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MTIAD & BROWN,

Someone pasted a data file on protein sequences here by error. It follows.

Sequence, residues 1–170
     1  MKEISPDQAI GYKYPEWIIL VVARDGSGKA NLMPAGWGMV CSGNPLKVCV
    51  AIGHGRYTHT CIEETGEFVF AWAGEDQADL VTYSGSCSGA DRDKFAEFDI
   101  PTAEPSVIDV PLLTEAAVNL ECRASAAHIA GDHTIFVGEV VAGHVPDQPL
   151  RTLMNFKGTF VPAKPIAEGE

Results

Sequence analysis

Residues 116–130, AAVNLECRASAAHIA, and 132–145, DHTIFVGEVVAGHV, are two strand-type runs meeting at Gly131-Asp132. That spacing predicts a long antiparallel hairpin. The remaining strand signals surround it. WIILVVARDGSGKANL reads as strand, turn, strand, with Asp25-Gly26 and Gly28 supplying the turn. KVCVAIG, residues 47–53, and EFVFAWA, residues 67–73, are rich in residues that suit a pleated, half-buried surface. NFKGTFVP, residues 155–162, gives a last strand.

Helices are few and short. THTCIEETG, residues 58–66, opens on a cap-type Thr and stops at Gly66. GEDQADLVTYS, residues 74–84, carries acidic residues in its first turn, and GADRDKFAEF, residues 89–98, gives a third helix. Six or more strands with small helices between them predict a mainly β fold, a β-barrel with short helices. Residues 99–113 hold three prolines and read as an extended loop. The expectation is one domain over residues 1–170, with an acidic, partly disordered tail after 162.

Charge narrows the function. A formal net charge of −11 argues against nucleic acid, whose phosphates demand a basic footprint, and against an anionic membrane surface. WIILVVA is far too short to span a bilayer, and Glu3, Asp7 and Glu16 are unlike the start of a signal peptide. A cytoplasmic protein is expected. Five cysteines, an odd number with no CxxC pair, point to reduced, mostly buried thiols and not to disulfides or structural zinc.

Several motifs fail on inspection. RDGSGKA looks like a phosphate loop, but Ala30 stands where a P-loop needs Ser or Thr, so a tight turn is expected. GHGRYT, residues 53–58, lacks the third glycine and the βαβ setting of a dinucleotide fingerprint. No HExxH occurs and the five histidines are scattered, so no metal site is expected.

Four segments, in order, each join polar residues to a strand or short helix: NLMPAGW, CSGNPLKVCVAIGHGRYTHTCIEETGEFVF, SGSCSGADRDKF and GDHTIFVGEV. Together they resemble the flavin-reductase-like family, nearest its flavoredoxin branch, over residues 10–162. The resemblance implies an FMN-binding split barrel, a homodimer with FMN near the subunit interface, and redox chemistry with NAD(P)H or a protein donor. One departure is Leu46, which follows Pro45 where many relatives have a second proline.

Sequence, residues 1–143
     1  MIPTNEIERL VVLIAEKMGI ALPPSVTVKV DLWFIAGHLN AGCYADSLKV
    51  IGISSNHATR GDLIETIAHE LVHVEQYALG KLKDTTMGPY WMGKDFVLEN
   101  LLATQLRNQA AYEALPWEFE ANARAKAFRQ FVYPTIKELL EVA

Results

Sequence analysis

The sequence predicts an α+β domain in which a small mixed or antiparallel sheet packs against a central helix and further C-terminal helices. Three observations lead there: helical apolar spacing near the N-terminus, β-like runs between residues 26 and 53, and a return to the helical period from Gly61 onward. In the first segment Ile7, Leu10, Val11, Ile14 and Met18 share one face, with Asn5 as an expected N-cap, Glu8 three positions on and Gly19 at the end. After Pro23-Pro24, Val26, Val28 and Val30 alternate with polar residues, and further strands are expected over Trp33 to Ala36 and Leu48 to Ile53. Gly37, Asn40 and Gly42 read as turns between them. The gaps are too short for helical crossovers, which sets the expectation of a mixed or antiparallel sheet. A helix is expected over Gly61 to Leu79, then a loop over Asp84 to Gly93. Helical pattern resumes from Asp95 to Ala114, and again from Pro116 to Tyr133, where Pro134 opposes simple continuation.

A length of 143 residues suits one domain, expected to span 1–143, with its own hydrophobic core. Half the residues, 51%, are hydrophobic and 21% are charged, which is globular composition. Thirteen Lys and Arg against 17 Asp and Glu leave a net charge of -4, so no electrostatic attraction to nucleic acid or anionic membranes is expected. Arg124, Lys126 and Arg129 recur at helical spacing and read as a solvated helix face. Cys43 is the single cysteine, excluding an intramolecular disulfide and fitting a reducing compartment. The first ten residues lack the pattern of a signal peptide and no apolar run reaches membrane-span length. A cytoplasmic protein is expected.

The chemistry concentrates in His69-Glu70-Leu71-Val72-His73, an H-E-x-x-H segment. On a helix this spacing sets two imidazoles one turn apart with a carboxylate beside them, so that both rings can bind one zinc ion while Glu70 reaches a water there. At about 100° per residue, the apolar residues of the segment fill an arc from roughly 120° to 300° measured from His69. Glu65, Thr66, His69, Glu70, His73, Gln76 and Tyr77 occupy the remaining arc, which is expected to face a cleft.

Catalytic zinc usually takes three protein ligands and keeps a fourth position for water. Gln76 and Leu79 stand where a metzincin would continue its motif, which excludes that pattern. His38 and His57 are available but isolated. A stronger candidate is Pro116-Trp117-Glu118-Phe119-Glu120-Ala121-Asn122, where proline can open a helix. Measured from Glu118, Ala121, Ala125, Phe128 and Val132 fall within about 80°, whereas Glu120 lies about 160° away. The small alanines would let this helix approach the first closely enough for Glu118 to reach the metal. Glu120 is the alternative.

VOL 7. NO. 30 Now Oregon Plain Dealer 1 erery FrUay at the PU!n avtftn eutl of 12 Ct*b««ft«a, la each 16Unt* #r le-^s mako oac 11 ««4«1 M0j«tfjl1O'4lnf 1'iUn J^-EW OREGON 11 USR. ricitinjin ihlio th-i i of tkeir Qr.o. \V. Picrc», W. nllrl ffn. H. Patterson, Secty W. D. TOWNSEND aM 1tetc.il Dealer la Foftifa and Domestic Wines, Ale, NEW OREGON IOWA announce hat *lie is prepared to do tho'.ogranhing in the very hot AIM'KO'TP?*, ntyle •Of well selected Lands in Howard County! For Sale Cheap. Apply by la:tar to E. E. OTIS, UOVT Real Eitate Broker. T*n5| Decorah, Iowa. Dasembe'- I S 1864. O E N I N U Tn i i 1 ^r*i ba» t« inform the citi #.n of Da jorah and Now Oregon that they ard thrown open the doors at the old tmd of H. H. E^ton, where thej are opea r,4 a vary largo stock tf JYutchet. Clocfci, Solid Silver and, Plated wares, Cutlery, QOODRICH& MEAD. K 0|»Jer'^B1J,an| rJSK. Alain Street, M«* Oreg»n,Howai«lC#UJty. lo —IBHM9— «M#a MpUtOMyear, la adwic 7* II,** .i %t the en 1 of 8 »tth«cui»f 8 y ...2 00 .. .8 25 ...1 25 ADVERTISING RATES. jq-utTO. I (5o1uum§ ono year, 12 i*i "...V*. fir one 4qime, 1 insertion, «40 0 1 month a, 7 f)0 Will bech^jfW e.-jr io* 1 jr a'iin.il V.Ai rale Ciu'ds. By, Isaac Howard- XE* ONT::,JS' IOWA Hiving purchased, rjfittcd, thoroughly r«Bvv vtci and roturnished tha ab»ve House, b) i« ft.up in? 1 wait upon the travelling So he the ,st attentive manner, IG HI'.'U'O a of pii'' 5 patronage. will spire tv pinn in giving attention to lk« vv.i it i nil who may favor him with custnin. ClT«tf| April 1, 1««5. MASONIC. IV Oft EGON Lod e No. 15# of F. and, A hold t'»oir r-'Rular eommuuica full Moon of, lions Tuesd iy on or before the «.i:h month. V i^itiojl brethren •tanking an» invited to alien4. Attorneys & Counselors at Law NK\V OREGON IOvVA. Will give prompt attention to all business entrusted to their care Oflicein Plain Dealer Building (upstairs.) H. A.GOODRICH. \V. R. M'EAD ^URDOCK Sl STONEMAN, Attorneys and counselors at law McGRKGOIl IOWA. VVill practico in th# courts of the 10th judicial district. Office opposite McGregor '•lotel. jrJoUE^S HOTl'i, 8. o e o i e o NKW OREGON IOWA. Having purchased the above hotel and raade such improvcnionts ns the wants ofthe public seeni to donipnd, I noUoit a, share of public patronage.—Stages leave thin house d~ily for all pointseast and west. fnlr'J PC)RTI-:R HOUSE-" Tamisus orth.3 McGregor V,TeBtcrRaiIwa n Counovcr, Iowa. By H- Porter. Stairs* to Dccorahand ail Points West. J^IVERV. II. S u 111 e w o li, NEW OREGON, IOWA Horses and Carriages to let. Travelers conveyed to all parts of the ountry on short notice and reasonable rms InSOvatf j^KELEV S SALOON, good LiqnoriS OI&A.HS, EAST PUBLIC SQUARE, |nA0v4 McGregor* Iowa. Ph olographs] holographs Mrs, F. & Jewett. of the ftrt. upon short n.rtice and the reaetma Ills tonus. Dig-.ierrotvpes &e. taken, when dmired, and satisfaction guaranteed. K nmi at the residence of tke I ate F. H. 'ewett. Photographs mnstbe paid for in advance A. shara of public patronage is respectful y «o!i«itod. (n23k6t |^ANIFOR SALE, IN" Howard County, Iowa* 10,000 Acres! GRANGER, MINNESOTA. MA Y at all t-mesbe fownd with a full and complete stock ofthe Choicest Wines and Liquors, and the best Brands of Cigars. n47tfj Granger, Sept. 2Sj 1-865. NRW~EXPRESS OFFICE. fJMIE U:ii13d States Express Co. tiave opened an dfiiee in New Oregon and are prepared to forward goods, and money with dispatch to all points, East, West, North and South daily. '1 he office is at the gtere ei Hunt. Charges satisfaction Rtvolvert, Musical Instruments, Notions, kc., &c., [n faet we ara determined to follow irrasent exhibition by as up FINE A STOCK and it great a variety as any establishment n Northern Iowa. A o i lric ice an the bast of faeili tiosen able us to assure tha citizens of Deco jih and vicinity that their every want in our iiua c»Q be supplied. Every attention will bo paid to the a i n e a e n espsoially the ?eparingoffino watches. FJJINGIL, ?. &WEV MOOD & M. M. MOON. Apt. O. B. HUNN, Supt. DO YOU BUY GROCERIES? Call or order of the Oldest Grocery and Tea House in Chtbago. Motto-uLnrge Seles and Small Frafilt. i SL 8 River St. Chicago. nl2v7] TAYLOR & WRIGHT. EDMUND IVENS. Licensed Auctioneer JEW OLiEGON IOWA Respectfully tenders his servi ses to the public. reasonable and full given. [n50v6t 3880 Acres of Land For e hf.... s hf. all of.... (nmSyf p'ajcrali Sale, IN rhickasaw and Howard Counties, IOWA. fir CHICKASAW COUNTY: Sec. Tp. Range. Acres s w qr and w lif oi s e qr w hf of n e qr and e hfofn qr 28 a hf 20 97 e hf 29 s w qr and e hf «f n w qr it w hf tf n w qr of ear.... 28 w hf 21 95 12 w 240 w 160 320 320 IS w 240 320 40 320 160 160 320 i) 2 5 n a qr 32 s w qr 2 fi 97 s hf 36 w w 14 w w IN HOWARD COUNTY: Sec. Tp. ..7 97 8 17 R. Acres 13 w 320 w 320 w 640 Being 2 600 acres in Chickasaw and 1 280 acres in Howard County,Iowa, which willbe sold for cash or part on credit. These lands are mostly in large tracts and well adapted for either stoek or grain arms. For terms, Apply to GEO. W. JONES.Dubuque,Iowa. "VF. R. EA D. New Orego#. l«v#J ?. ?SOTT,Weeper, W. W. Barnard, Dealer In TTJ Orocerless, Boots, Allocs. Hals, Caps» Crockery, Paints, Oils, Hardware, Nails, GRANGER, New Oregon Livery, Y PERKINS 5- GA GE, NEW 0RE00N IOWA- Pa^.-cn^rrs? cnr.vv'Ml to any part of ihe country desired. Teams and carriages the best the country affords: terms reasonable. Stables west of Cole's hotel. [n£0v7i»6. K. H. Kcowles If. D. NEW OREGON IOWA A calls in the practice ofMedicinc and Surgery promptly attended to. Office in Plain Dealer Building HOWARD ASSOCIATION PH! A DEI.FII IAj PA. jTV?seasc?of the Nervous, Seminal, Urinary and Scrun! Systems—new and reliable treatment—in Reports of the HOWARD ASSOCIATION—Sent by mail in sealed letter envelopes, free of charge. Address Dr, SKILLIN HOUGHTON. Howard As sociation, No 2 South Nine Slreet Philadel phia Pa. [n!2v5yl Fresh Arrival OF Spring Millinery Goods?! rha nndersigned has just received a fine lot of Millinery Goods which she is oponing up t# the trade over the store qf Moon if Hunt in New Orego», She invites particular attention to her Giods, believing that bo»h in quality and price she can give as good bargains as Tcrc ever offered in this place. New additions will be made as fast as needed to meet demands. April €, 1866. n22v7) MRS. SHUTTLEWORTH. rflHE GROVESTEEN PIANO FORTE still retains its precedence and great popularity, and after undergoing gradual im provemcnts for a period of thirty years, is now pronounced by the musical world to be unsurpucred and even unequaled in rich ness, volume and purity of tone, durabiliy. and cheapness. Oia-near scale, French ac tions, harp pedal, iron frame, over-strung bass, seven octave, rosewood pianos we arc selling cheaper by from $100 to $200 than the same style and finish arc 6old by any other first class makers in the country Dealers and all in want of good pianos are invited to send for our Descriptive Catalogue, which contains"photographs of our diffcren styles, together with prises. No one should purchase a piano without seeing this Cata logue. Aledals almost "without number have been awarded to the Grovesteen Piano and at the Celebrated World's Fair, though put in competition with others from all part of Eurcje and the U. S. it took the highest Yard. [Established 1835J remittees Co,, 9 104DWAY NEW YORK X- .r.c^ J- XIIUTH WITHOUT FEAR OR FAVOR. NEW 0RKG0NJI0WAlii) COUNTY, IOWA, JUNE 8, 1866. Glass, Putty, 4'c. fyc. MINN. FILLMORE Co., H. C. PRICE, M. D. Physician and Sui'geon, NEW OREGON, .IOWA. AOKNT3—$."il jiemeek— ma!? or fcniiiK', nt lln-ir liciim.' Iius!nci«« pleasant aid For s.imple m.l tenns, adilrcss with two .^liawe & Co., IJetroit Michicgau. WAN'TKO, yV3t-TlTT'I7 [Male or Female] Can clcnr *."0 ]er week at tlieirown borne, in a light and honorable usiness. Any person having a few hours dai ly to spend will find this a goorl paying liusinos. Address sending Htunip, K. E. Lockwood. Detroit, Michigan. (v6n37yl. NEW FLOURING MILL. The people of Howard County. Iowa, and Southern Minnesota arc hereby notified that the Flouring Mill at FREDERICKSBURG, (late Granger) Minn, is now in operation and ready for Custom Work of all kind*. With skillful millers and by doing good work we hope to merit and receive a share of public patronage. Parties from a distance will be promp'ly attended to. ri?v6m6j FRED. WEHM ANN. J64. Proprietoi For sale at this office, 1 Firille & Lyon Sewing Machine, 1 Empire Shuttle Machine, 1 "Weeds Sewing Machine, 1 Wilcox & Gibbs Sewing Machine. Prices reasonable and terms cf pay ment easy. (18 tf. (For the Hstin Dealer.) Tribute t° the Memory of Lieut- Chas A- Bannen And he is dead! it must le so For ttie voices are all FO sad and low, That Fpenk of liirn now. And we know, since they laid hlra In the tomb, That hope seem* blighted in its bloom. And around us there is a deep, d«»ep gloom, And sadness on every brow, And, when we gazed on his facc so nobly ftlr, And gently toyed with his beautiful half, No answering smile was given. And oh! it was hard, so hard to stand, And tenderly clasp his cold, told hand, And feel that death had "evered the band, Which love and friendship hud wov«u, And yet the band is not sundered apart, But bludsthe closer and wounds the heart. Since he is so far away. And we would not—If we could--5ever the chahv, Though every pressure is u throb of pain, And 'twould be hard to rend in twain, One liuU SJ stongly made. For a thousand thing* still tp ak of the dead, The songs he loved and the books he read. That so much of joy have given. And w hen we sing those songs again, IIw voice will ctiil join in the »weet refrain, And there'll be a murmur in every strain, Of a chord attuned in heaven. For while memory's swe«t rssca shed a pe utne. That rises like incense from his tomb, We feel that he is not here. Iiut awav, in a lovelier world than tbto, In an eternity of bliss, Where all is joy, and a 1 is peace, lie awaits us tlicro. And oh! meffelnks when death shall eoine, To waft our randtioined fpints home, Where triendsshall part no more. That ONL- of the pleasures wlu-n we stand, On the shores of that "Hotter Land," Will be the tender clasp of a hand, That we have pressed before. Clarksvllle, May 27th lSG'i. JlCQCBUNB" 7rn« DEMOCRATIC PARTY. The former condition of the country was one ef great prosperity. Wc en joyed, in very truth, the blessings "of the best government on tlie face of the earth"-—we also enjoyed the advantage of the best country. The ''necessaries of life" were within the reach the poorest, and any ono who desired to work could, through industry and care: gather around himself a competence wherever he might he. All this was under the rule of Dem ocratic institutions. We could very easily show that prosperity was n legi timate offspring of Democratic institu tions, and that under their reign only tould we be happy. But it is not nec essary to demonstrate this—we only call attention to the fact that all was happy and prosperous so long as Dem ocratic principles ruled—and the mo ment they were withdrawn from their application to the administration of the Government, behold the result. War, bloodshed, a general disruption of old ties, aiid A last, though not least anaid a thousand evils, a grim and overbur dening taxation which covers the coun try to-day as in a fanerai pall. And with a singular fatality, the Radical leaders are striving their utmost to pre vent a return of the old happiness and prosperity. They are opposing the immediate adoption of the President's policy, which is the initial step towards attaining the old condition of prosperi ty. The people recognize this great truth. They feel instinctively that the remedy for the evils under which they groan, is thus presented to them, and hence we see the alacrity manifest in their support of this policy- It is we repeat, but the initial step towards the attainment of the old prosperity. This once adopted, then otht?r measures would be Advanced which would be pro ductive of benefit to the masses and of general advantage to the country. Once more under Democratic rule, under the full and complete triumph ol Democratic principles, the country will enjoy a season of peace, and of rest from its heavy burdens. The mis sion of the Democratic party at this time is to restore the Union perfectly and fully—to restore it not only in the (Contemplation of the law, but the full perfectness of patriotic love. Then to wipe out this national debt, this monstrous burden, and throw off this infernal incubus of internal tax, which supports an army of mercenary stipen diaries, and presses closer and closer with it3 tightening grip around the throat of the nation. Then, when these things are accomplished, the Democrat ic party, while pressing on to higher and further ends, can triumphantly say to history, "Radicalism deetroyed, I built up." And upon its foremost me morial shield, among the names of those who have done most for their country arid for mankind, there will [be gratefully inscribed the name of Plain Dealer. Andrew Johnson, whose incorruptible purity and unreceding adherence to his political faith was not the least in strument wherewith the Democratic party restored happiness and prosperi ty to the Uiaion once more. Constitu tional Union. GENERAL# STEEDMAN AND FUL t.EIITON have reached Savannah, on their Freedmcn's Bureau inspection tour. Rascallity ofthe most bare-faced description'continues to be unearthed at almost every step. For instance, down on some of the Sea Is'ands, it rraa discovered that tlie poor free dm en are allotted tasks of a quarter of an acre of hoeing each. For this they get fifty cents per task,—which fifty cents is represented by a ticket, good only at the grocery kept at the house in which the agent made his home. Here the unhappy frcedmen ould purchase corn (short measure, they complain), at three dollars per bushel (that cost but a dol lar and ten cents in Charleston), and other articles of absolute necessity, at the same generous advance. This they say, takes all their money, antl left them nothing for the winter. The negroes on these plantations were gen erally downcast and disupp iilTed.— Ex. writer in Chambers Journal thus beautifully paints true female la bility: "The woman," says he, ''poor and ill-clad as she may be, who balan ces her income and expenditure, who toils *in unrcpning mood amorf» her well trained children, and presents them morning and evening, xs off springs of love, in rosy health and cheerful cleanliness, is the most exalted of irec sex. Before her Bhall the proude3t dame bow her jeweled head, and the bliss of a happy heart shall dwell wi'di hcT forever." The INew Bedford Mercuty tells a sto ry ofa witty "Oolone! B—who, when on his dcatli-bed, and near his demise, assured his friends that he could not possibly survive many hours. "Non sence! Colonel," encouragingly remark ed one: ^your feet are warm, and no ono ercr ?ied till the extremities be came cold," "Don't tell me that," squealed out the sufferer, "do you think John Roger's feet were cold just be fore 1 e dred?" "WHAT IT MEANS.—The prospec tive scheme which excludes millions of white men from representation, and in vites the admission of negroes to suf frage, is inteipreted by Wendell Phil lips to havo a significance beyond that of politics. In his recent speech he said: "Negro suffrage meant a score of negro Congressmen sitting in the House of representatives. It meant colored merchants in New Orleans and colored Senators in Columbia. It meant negro representatives sharing in making railroad laws and other laws. It meant social equality, and that was where the southerner met the question. Social equality follows hard on the heel of the ballot box, and the South knows it, and she resists negro suffrage for what must follow." It is in New Or leans that Phillips locates his negro merchants, in Columbia his negro Senators. His scheme of equality places the negro from one to two thou sand miles away from Massachusetts. SERVED HIM RIGHT.—The Dan ville Times says: About the time of Lee's surrender, a Federal soldier went into the Rev. Mr. R's kitchen and was expatiating upon what the Abolitionists had done for the negroes. The old cook threw down her frying pan, exclaiming: "La, master, is we all free and equal- then let's take a kiss and a hug." Whereupon she clamped him. A pic-nic party was lately given to Gen. Longstreet, at Galveston, Texas, and he said in his speech "We are all good Union citizens, but we hardly know how to act in political matters at present if we are anxious to be recon GL 50 PER ANN I'M WHOLE NO. 33| structed on the basis of loyalty, our professions aro not believed if we d* 8ny differently, we are called disunion ists. .So we hardly know how to sh*p« our course. It is observeb that the mo?^. censorious arc generally the least judicious who having nothing t.» commend themselves will be find ing fault Yviui oiheis. No raa'i envies the merit of another that has any of his own* The little tax of one cent upon every box of matches netted th^ government $1,500,000 last year. According to that estimate, 150. 000,000 bunches or boxes of matches must have been used in this coutry during the year, of fm» bunches—equal to five hundred matches —for every man, woman, and child. At a late fair in Massachusetts the average weight of men was found to be 141 1-2 pounds of women 1'23 1-4 pounds. The lar gest man weighed 293 pounds the largest woman 274 pounds. The number weighed was 23,000 persons Greenbacks— United States Tiv asury notes. Drawbacks—Officers drawing pay for hanging around hotels. Gumbacks United States postage stamps. Comebacks —The counterfeit fifty cent notes. DES MOINES, low A, May 10* Yesterday J, M. Edward and D. O. Finch, attorneys for the lr^ «or association, asked the TTnifwl States court for an order remov ing certain liquor causes from the state distrct court to the Uni ted States court, upon the ground that the construction of certain United States statutes were involv txl in this trial. This morningthe court granted the order, A down East newspaper recently contained the following in its no tices to correspondents: Truth is crowded out of our eelumns this week. The Brunswick TeUffraqh give# in proof that a hen is immortal, rhat "her son never sets." The boy who was caught look ing into the future, has been ar rested for trying to see the show for nothing. "Wake up here and pay your lodgings,' said the deacon, as bo nudged a sleepy stranger with the contribution box. Said a ciazy woman, of a penu rious stingy man, an officer of the church, wc regret to say Do you sec that man? You could blow his soul through a musqui. to's eje, and the musquito wouldn't wink I" The editor who did not mind his stops introduced some verses thus "The poem published this. week was composed by an esteem ed friend who has lain in hia grave TO any years for his own amusement." '*1 never was ruined but twice, said a wit once when I lost a law-suit, and once when I gained one. Miss Dickinson is going to be married She is in advaucc of young ladies who do net lecture until after marriages A man advertises for competent persons to undertake the sale of a new medicine, and adds "that it will be profitable for the uadftE* taker."